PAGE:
The Types of Dashboard Software Architecture
Dashboard software comes in a variety of styles and designs. Some are highly modern, with vibrant colors and themes for visualizing data. Others are rather basic, but strive to get the numbers across as simply and efficiently as possible. While it’s important to find a dashboard design that suits your brand image and needs, there’s a huge decision waiting for you behind the visuals—the software architecture of the dashboard itself.
There are two main types of business dashboard software architecture to choose from: cloud-based and on-premise. The software you pick will influence important factors such as where your data is stored, how it’s accessed, how it’s protected, and the fees associated with using the dashboard.
Determining which solution is right for your business usually depends on the size of your operation and the amount of data you wish to consolidate. Let’s take a look at the pros and cons of both solutions so you can make the best choice for managing your data.
A cloud-based dashboard is a dashboard that retains and provides data via the cloud. The data is hosted on the BI vendor’s server and accessed using a web browser. APIs (Application Programming Interface) are developed for cloud-based platforms using PHP programming language.
Cloud and mobile BI solutions are typically favored by small-medium enterprises (SME). This is due in large part to the ease at which users can build and manage their KPIs without IT support, meaning anyone can be a dashboard expert.
Cloud-based dashboard software is also easier to integrate and deploy, and can be accessed from a variety of devices including smartphones and tablets.
In general, businesses pay a monthly or annual subscription fee to utilize cloud-based software from a vendor.
On-premise dashboard software is stored locally, within the servers and computers of the company.
Larger corporations tend to gravitate towards on-premise dashboard solutions, especially if security is a concern. Because the data is housed directly on the company’s servers, rather than on the BI vendor’s, there’s more peace of mind that comes with on-premise software.
Besides security concerns, there are other factors that differentiate on-premise from cloud-based software. Mobile access is difficult to achieve and typically involves a third-party client to integrate properly. However, on-premise dashboard systems are much easier to customize. More often than not, businesses will need specific customizations that cater to their niche, making on-premise software an attractive solution.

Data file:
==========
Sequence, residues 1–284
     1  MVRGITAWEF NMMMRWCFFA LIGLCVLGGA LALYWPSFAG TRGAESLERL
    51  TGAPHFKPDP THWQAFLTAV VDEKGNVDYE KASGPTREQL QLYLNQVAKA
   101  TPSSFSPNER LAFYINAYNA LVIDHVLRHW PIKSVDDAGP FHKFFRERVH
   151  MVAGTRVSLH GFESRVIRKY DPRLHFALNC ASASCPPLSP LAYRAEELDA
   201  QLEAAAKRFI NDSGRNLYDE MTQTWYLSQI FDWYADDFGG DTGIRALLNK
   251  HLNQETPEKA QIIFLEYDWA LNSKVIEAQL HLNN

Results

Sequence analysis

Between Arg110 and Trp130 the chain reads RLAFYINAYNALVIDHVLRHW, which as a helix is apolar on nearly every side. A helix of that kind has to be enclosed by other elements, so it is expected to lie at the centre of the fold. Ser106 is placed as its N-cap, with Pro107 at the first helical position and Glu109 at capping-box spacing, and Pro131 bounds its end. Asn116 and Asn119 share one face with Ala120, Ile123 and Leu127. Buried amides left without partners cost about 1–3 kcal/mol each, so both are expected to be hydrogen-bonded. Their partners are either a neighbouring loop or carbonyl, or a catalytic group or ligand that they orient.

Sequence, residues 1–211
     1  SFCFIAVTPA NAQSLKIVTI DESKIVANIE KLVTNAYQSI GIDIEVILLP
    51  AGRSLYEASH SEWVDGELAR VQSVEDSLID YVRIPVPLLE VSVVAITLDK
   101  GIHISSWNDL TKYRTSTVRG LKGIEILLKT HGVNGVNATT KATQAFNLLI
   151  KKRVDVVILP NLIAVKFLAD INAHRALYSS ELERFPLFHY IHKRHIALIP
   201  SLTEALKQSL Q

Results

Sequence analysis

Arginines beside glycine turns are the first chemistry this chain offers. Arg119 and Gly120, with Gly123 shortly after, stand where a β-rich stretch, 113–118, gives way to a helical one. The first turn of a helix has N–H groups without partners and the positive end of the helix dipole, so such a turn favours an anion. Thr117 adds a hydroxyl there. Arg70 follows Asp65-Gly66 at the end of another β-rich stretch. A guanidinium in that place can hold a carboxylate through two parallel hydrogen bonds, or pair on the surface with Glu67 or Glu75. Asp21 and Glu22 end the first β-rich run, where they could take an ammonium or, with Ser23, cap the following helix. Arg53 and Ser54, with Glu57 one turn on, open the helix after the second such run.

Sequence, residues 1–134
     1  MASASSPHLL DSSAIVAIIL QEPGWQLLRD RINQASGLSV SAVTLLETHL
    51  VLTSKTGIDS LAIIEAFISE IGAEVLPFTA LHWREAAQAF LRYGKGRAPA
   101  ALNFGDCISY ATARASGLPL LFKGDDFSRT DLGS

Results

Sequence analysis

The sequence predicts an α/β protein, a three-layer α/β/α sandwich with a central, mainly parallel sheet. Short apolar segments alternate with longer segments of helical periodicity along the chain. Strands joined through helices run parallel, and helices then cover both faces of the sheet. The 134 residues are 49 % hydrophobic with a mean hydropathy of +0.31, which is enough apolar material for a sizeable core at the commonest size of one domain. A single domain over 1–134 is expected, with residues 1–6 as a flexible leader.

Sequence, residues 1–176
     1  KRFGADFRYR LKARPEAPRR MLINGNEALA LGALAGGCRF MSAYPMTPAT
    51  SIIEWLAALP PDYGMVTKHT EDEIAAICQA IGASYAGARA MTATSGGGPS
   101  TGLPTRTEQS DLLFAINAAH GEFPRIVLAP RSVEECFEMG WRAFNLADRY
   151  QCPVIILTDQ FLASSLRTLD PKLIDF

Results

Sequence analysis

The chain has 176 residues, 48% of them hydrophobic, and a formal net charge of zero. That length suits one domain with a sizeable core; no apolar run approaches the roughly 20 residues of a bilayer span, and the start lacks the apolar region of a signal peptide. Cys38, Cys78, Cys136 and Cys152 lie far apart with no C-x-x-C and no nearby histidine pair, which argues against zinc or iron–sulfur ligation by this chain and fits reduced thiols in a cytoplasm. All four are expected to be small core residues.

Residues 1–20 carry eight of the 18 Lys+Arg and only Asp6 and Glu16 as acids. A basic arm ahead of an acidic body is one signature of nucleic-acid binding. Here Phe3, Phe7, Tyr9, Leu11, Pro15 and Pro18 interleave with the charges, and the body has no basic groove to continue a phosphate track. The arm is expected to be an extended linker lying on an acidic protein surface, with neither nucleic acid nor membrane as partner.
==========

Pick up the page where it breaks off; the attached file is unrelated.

In order to unlock and obtain on-premise software, businesses usually purchase a license. Depending on the vendor, the dashboard could be sold as a single license for an entire business, or as an individual license for each user. Often the price of the license will scale based on the size of the company or the amount of users that will be accessing the dashboard.
Hybrid Dashboard Software solutions
It’s possible to find a BI vendor that offers both both cloud and on-premise dashboard software features. As the shift to accessing data from a mobile device continues to grow, more vendors are beginning to implement cloud-based mobile functionality. Vendors such as Oracle, Sage and Microsoft Dynamics offer hybrid options.
Choosing the best software architecture can be difficult. There are many factors at play, from data security and customization, to the speed at which dynamic dashboards can be integrated into your business operations.
Now that you know what’s involved in both cloud-based and on-premise dashboard software, you can consult with multiple vendors to find the perfect match. Perhaps you like the price structure of cloud-based software, but you’re concerned about customization as your business grows. Address this need when talking to a BI vendor. Chances are, if they’re interested in working with your business, they’ll find a way to implement your needs into a special dashboard.
Next up: When Excel Isn’t Enough: How To Tell When You Need a Dashboard
There comes a point in running a business when crucial management and executive decisions rely on data insights that Excel can’t provide. The hard part, however, is knowing when that time comes. Companies that have grown use to data spreadsheets in Excel might not realize the benefits that are in store for them when they utilize a dashboard for reporting.
In this article, you’ll learn whether it’s time to retire Excel or if you can manage without a dashboard for the time being.